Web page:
- Daily Zen
There is an urgency for a second stimulus package as corporate America is announcing more job cuts.
U.S. Treasury Secretary Steven Mnuchin made a counter offer of about $1.6 trillion in stimulus measures to Nancy Pelosi, speaker of the House of Representative’s $2.2 trillion proposal, according to Bloomberg.
“Mnuchin has offered $1.6 trillion in stimulus with offsets taking it lower,” the reporter said.
Pelosi and Mnuchin plan to take the talks forward in a Thursday meeting, trying to find a consensus on a relief package with time running. It is important that a stimulus package is passed before the November 3 elections as the House and Senate both will break soon till mid-November.
Mnuchin’s maximum offer of $1.6 trillion, which is been touted as the HEROES ACT, would include $400 a week in additional unemployment insurance, less than the $600 the Democrats want, but more than the $300 the White House wanted. The package would also provide $250 billion in assistance to state and local governments, $100 billion more than a previous White House offer, but lesser than what the Democrats say is needed.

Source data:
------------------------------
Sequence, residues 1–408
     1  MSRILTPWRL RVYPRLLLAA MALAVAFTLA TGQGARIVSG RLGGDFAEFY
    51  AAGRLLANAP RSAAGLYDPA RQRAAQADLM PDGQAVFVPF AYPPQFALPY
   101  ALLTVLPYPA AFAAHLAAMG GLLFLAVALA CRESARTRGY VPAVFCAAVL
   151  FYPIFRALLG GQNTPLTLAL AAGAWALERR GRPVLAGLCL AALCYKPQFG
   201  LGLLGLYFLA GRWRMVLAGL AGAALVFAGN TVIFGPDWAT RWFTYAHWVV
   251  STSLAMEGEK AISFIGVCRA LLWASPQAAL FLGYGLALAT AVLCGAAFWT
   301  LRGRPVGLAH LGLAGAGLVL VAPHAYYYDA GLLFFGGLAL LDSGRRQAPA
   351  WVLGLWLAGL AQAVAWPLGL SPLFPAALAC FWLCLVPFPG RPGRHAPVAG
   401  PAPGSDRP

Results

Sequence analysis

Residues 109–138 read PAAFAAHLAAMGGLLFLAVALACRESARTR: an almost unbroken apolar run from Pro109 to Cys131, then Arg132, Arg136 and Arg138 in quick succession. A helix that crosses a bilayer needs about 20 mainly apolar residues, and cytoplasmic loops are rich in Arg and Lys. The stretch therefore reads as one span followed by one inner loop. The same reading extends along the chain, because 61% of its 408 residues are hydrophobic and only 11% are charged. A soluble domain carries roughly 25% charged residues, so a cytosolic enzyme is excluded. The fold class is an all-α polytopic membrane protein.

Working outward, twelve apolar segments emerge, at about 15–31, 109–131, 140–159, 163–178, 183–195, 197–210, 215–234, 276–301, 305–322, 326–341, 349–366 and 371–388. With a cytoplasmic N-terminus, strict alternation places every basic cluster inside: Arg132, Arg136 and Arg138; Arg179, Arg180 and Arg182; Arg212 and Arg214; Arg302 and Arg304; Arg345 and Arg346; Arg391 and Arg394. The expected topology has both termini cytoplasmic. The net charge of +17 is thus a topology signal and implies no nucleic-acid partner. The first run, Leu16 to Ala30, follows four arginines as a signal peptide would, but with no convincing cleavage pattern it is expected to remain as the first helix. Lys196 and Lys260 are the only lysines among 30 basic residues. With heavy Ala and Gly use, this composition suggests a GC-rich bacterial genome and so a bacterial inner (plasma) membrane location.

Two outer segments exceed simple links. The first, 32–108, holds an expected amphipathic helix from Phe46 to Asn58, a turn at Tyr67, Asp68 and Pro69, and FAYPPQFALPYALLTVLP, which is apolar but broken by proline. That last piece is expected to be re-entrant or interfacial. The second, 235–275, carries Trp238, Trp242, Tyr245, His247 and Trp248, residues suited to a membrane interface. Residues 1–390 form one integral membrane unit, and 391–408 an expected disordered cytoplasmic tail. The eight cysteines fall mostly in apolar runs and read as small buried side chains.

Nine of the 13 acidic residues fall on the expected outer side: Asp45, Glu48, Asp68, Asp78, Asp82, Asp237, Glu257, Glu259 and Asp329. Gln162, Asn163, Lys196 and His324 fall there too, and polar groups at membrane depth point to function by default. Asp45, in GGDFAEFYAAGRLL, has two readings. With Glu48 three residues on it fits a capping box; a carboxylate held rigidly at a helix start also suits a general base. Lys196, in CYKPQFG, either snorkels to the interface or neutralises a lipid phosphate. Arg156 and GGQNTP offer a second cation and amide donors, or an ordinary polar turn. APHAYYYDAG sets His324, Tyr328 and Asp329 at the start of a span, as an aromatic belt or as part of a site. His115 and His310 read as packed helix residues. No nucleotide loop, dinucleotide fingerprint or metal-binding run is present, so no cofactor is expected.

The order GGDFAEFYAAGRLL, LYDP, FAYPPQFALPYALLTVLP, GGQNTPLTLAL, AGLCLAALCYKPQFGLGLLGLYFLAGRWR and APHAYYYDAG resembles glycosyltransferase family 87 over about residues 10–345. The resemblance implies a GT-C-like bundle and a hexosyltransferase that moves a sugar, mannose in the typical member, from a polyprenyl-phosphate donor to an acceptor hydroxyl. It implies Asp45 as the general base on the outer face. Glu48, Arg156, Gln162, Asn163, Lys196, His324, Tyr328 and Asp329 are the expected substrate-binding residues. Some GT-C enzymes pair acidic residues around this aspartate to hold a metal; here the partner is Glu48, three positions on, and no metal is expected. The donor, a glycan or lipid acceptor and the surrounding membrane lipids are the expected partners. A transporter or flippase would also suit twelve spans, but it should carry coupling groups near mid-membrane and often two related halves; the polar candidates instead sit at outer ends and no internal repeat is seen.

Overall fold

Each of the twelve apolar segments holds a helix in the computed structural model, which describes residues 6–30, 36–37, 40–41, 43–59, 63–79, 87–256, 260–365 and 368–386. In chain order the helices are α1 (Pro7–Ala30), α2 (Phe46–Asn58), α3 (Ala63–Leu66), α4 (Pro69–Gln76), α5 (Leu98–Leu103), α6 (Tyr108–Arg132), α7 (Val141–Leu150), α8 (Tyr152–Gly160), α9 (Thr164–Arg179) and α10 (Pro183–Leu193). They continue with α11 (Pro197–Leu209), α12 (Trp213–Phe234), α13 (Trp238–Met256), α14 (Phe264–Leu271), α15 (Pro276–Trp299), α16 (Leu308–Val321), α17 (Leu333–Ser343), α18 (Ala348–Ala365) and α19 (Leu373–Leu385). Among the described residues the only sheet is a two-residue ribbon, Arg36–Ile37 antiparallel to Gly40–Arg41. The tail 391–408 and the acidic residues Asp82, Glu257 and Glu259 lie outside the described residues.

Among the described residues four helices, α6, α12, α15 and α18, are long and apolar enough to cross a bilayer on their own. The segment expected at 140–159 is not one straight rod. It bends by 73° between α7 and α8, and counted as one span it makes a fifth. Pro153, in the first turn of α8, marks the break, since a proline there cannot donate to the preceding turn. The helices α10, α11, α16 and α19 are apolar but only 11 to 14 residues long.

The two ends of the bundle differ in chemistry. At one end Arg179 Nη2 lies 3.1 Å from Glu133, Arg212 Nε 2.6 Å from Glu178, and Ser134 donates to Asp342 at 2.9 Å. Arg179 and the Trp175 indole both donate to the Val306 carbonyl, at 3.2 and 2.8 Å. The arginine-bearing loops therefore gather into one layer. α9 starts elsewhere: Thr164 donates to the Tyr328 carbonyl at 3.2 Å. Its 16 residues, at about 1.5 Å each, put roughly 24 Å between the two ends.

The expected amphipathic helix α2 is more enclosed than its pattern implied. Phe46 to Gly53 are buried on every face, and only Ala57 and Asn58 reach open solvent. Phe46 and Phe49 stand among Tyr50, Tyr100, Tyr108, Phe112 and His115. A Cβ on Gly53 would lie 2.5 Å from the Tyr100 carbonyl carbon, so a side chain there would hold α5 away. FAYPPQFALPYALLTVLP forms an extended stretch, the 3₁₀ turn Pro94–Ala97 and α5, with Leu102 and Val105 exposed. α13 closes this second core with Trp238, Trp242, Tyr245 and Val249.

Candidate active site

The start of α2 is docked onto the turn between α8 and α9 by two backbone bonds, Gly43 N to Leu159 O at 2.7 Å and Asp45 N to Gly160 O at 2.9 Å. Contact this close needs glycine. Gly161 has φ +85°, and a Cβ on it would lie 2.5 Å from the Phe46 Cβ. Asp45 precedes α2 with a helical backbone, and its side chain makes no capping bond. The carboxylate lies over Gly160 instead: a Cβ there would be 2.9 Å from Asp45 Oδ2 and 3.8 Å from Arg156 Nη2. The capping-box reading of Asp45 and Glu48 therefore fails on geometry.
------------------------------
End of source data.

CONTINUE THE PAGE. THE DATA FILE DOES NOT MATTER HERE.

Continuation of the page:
There have been a slew of job cut announcements from many companies after the ending of all concessions from the first stimulus package and no new proposal coming out soon. The US airlines have decided to lay off all furloughed employees soon if they don’t get another infusion of government aid.
Walt Disney announced 28,000 workers will be laid off its rolls. American Airlines Group said Wednesday night that it will furlough 19,000 employees soon while United Airlines is planning to cut about 12,000.
Mnuchin’s offer is similar to a plan put forward by a bipartisan group of House members, named the Problem Solvers, who proposed an increased spending of up to $2 trillion if the coronavirus pandemic continued.
The end of this week will see the House go on a break but the members can be recalled if there is a voting on the stimulus package. There is a late October voting for the selection of Amy Coney Barrett to the US Supreme Court.
Weekly data show filings for U.S. unemployment benefits in regular state programs remain far above pre-virus levels.
“While there is a chance a deal could be reached in the next day or so, the odds still seem stacked against additional pre-election fiscal stimulus,” Goldman analysts including Alec Phillips wrote in a note Wednesday. “The soft deadline for a pre-election deal is tomorrow.”